Unbeknownst to most Los Angeles residents, it's illegal to throw used batteries into the trash. Those, as well as "singing" greeting cards, mercury thermometers, sneakers with flashing lights, CFL lightbulbs, and microwaves along with most other electronic appliances, should be taken to a S.A.F.E. (Solvents/ Automotive/ Flammables/ Electronics) Center.
I'm all for government efforts to keep mercury and other toxins out of our environment. The problem, however, is that of education and access. Many -- if not most -- people don't know what they shouldn't just toss into the black trash bins headed to landfills. And even when they do, finding and getting to a S.A.F.E. Center's hard enough to discourage them from making use of that knowledge.
Try to wade through the city sites, and you'll be clicking for a while. Still, the information is at least out there: the Los Angeles Bureau of Sanitation has its list here. In Los Angeles proper, we have three S.A.F.E. Centers (Playa Del Rey, San Pedro, and Sun Valley also have a S.A.F.E. Center each). Santa Monica has one Household Hazardous Waste (HHW) Center. Best of all, drop-off's free at both S.A.F.E. and HHW centers for residents!
But the bad news: Most of the S.A.F.E. Centers are only open on the weekends, usually during very limited hours. The West LA S.A.F.E. Center, for example, only accepts e-waste from 8 am - 2 pm on Saturdays. Santa Monica's HHW center's open Wed. - Sat., but only until 1 pm on most days. Basically, all the different centers have individual, somewhat random, days and hours of operation.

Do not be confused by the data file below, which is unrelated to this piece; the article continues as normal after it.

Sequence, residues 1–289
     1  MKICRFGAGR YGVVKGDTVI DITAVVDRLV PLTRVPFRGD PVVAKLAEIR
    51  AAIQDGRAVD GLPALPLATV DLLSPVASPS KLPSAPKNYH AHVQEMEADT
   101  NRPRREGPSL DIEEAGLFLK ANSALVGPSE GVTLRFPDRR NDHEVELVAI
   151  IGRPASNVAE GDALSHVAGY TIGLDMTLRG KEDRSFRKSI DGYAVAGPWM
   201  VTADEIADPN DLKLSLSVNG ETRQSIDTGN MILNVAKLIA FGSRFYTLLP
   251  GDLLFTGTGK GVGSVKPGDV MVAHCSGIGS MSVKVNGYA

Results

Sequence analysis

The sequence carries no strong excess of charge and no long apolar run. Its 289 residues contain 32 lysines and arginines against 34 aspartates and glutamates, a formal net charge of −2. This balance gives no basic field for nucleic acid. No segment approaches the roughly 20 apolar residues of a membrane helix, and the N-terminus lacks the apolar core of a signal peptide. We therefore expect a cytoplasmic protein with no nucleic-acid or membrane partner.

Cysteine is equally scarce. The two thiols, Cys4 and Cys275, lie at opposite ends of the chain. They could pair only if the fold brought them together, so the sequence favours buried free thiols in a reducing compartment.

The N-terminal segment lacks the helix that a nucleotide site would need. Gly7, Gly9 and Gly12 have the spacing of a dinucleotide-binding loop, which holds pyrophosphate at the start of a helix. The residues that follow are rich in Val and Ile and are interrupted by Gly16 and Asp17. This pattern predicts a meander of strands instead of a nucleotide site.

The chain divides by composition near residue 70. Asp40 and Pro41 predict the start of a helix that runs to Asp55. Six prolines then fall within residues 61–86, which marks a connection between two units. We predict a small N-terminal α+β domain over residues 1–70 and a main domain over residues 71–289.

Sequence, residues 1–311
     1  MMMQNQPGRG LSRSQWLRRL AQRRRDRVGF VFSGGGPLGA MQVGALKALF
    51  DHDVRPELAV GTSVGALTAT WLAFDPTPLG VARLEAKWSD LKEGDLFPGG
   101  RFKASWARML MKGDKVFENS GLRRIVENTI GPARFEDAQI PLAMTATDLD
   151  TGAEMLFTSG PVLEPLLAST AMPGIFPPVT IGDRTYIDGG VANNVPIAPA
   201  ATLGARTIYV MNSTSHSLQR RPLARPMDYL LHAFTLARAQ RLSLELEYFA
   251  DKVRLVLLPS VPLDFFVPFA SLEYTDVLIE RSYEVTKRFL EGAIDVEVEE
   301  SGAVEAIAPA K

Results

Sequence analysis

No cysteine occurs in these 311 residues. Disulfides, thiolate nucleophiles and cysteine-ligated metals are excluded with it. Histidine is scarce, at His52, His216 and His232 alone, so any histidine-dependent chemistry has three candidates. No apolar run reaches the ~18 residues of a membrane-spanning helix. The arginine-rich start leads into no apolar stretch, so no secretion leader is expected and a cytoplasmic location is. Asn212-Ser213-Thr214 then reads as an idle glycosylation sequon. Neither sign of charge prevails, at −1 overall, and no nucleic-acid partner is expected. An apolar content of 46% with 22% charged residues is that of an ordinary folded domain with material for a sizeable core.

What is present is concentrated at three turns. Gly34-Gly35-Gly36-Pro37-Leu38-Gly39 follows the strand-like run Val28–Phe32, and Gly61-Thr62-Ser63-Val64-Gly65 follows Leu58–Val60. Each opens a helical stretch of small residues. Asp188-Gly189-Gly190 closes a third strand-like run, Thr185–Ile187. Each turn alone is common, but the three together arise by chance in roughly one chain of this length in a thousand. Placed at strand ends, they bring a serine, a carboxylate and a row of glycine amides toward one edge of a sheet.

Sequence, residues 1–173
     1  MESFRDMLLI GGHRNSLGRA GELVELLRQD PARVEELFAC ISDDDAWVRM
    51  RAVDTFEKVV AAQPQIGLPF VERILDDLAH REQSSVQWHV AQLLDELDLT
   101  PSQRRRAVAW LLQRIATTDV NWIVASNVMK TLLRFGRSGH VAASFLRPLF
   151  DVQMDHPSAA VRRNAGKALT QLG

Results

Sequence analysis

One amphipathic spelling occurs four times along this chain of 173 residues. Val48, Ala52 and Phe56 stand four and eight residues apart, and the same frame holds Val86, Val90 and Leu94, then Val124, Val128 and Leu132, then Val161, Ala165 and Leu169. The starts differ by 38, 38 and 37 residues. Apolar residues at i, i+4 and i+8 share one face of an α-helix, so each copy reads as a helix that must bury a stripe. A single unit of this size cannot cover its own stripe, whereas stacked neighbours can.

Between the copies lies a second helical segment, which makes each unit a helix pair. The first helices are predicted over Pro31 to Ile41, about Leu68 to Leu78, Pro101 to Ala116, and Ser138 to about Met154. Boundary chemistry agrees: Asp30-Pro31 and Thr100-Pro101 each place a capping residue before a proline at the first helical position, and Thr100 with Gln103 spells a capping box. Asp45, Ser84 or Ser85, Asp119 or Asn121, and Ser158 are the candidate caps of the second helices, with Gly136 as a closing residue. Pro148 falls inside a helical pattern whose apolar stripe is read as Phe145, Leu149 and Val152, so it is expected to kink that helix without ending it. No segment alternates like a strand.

This means that, after doing some dedicated internet research to find out where e-waste can be taken, the average resident then has to strategically plan a special, strategically-timed visit to an e-waste collection center. You have to really, really want to recycle your e-waste if you're going to jump through the hoops and hurdles to do so.
As the people at eWasteInsights have noted in the past: “One thing that the solid waste industry has learned over time — the options have to be convenient, and people have to know about them.”
One company, California Recycles, is trying to make this happen. This women-owned and operated business says it "wants to make recycling electronics so easy that you’ll make it a part of your everyday routine." In fact, the company's so dedicated to its cause that it runs its own free (for individuals) drop-off center in West Los Angeles -- and it's actually open regular hours! Individuals can stop by any Mon. - Fri. between 8:30 am - 5 pm. This in itself is a big step up from the local government programs.
However, even the California Recycles' website can't exactly be called user-friendly. It boasts both mail-in and pick-up options for individuals and businesses trying to dispose of e-waste -- but gives few relevant details. No rates are posted for the pick-up service, which I'm betting will keep most people from considering the service altogether. Those who want to mail in their junk won't be able to find a mail-in address, or find out if the service is free. The site as a whole is rather unprofessional, with lots of major typos (What does "drop-offs are out central location are still free" mean?).
We Angelenos will have to work seriously toward creating a more unified, simplified e-waste recycling program. In the meantime, perhaps the most comprehensive source of information for recycling at the moment is the earth911 site. Plug in your zip on the top left hand corner, click on "Household Hazardous Waste" on the left sidebar, then click on the item you want to recycle to get a list of nearby facilities. The site has some real quirks -- neither the West LA S.A.F.E. Center nor the California Recycles drop-off center are listed for some reason -- but it at least quickly gives the layperson an idea of what her recycling options are --